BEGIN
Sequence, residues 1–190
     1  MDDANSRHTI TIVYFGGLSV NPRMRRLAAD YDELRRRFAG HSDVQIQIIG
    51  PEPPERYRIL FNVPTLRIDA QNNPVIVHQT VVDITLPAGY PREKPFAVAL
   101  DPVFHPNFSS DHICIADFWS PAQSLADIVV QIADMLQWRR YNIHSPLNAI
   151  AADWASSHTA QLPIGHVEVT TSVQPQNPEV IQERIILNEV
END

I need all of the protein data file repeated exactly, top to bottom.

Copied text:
Sequence, residues 1–190
     1  MDDANSRHTI TIVYFGGLSV NPRMRRLAAD YDELRRRFAG HSDVQIQIIG
    51  PEPPERYRIL FNVPTLRIDA QNNPVIVHQT VVDITLPAGY PREKPFAVAL
   101  DPVFHPNFSS DHICIADFWS PAQSLADIVV QIADMLQWRR YNIHSPLNAI
   151  AADWASSHTA QLPIGHVEVT TSVQPQNPEV IQERIILNEV